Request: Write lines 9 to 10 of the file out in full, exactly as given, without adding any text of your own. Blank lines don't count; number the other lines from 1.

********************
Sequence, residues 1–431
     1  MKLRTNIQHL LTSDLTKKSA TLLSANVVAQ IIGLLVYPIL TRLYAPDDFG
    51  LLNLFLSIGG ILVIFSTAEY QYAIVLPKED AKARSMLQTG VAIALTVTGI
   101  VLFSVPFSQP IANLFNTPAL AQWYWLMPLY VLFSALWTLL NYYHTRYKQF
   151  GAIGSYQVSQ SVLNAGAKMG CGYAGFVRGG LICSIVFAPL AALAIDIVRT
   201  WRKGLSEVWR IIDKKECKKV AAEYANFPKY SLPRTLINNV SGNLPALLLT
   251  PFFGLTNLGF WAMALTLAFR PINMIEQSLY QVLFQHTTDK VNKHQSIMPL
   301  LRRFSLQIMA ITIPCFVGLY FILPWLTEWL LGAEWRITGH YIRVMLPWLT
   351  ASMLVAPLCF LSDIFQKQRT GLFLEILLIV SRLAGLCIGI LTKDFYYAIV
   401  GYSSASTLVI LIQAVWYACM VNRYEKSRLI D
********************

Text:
   351  ASMLVAPLCF LSDIFQKQRT GLFLEILLIV SRLAGLCIGI LTKDFYYAIV
   401  GYSSASTLVI LIQAVWYACM VNRYEKSRLI D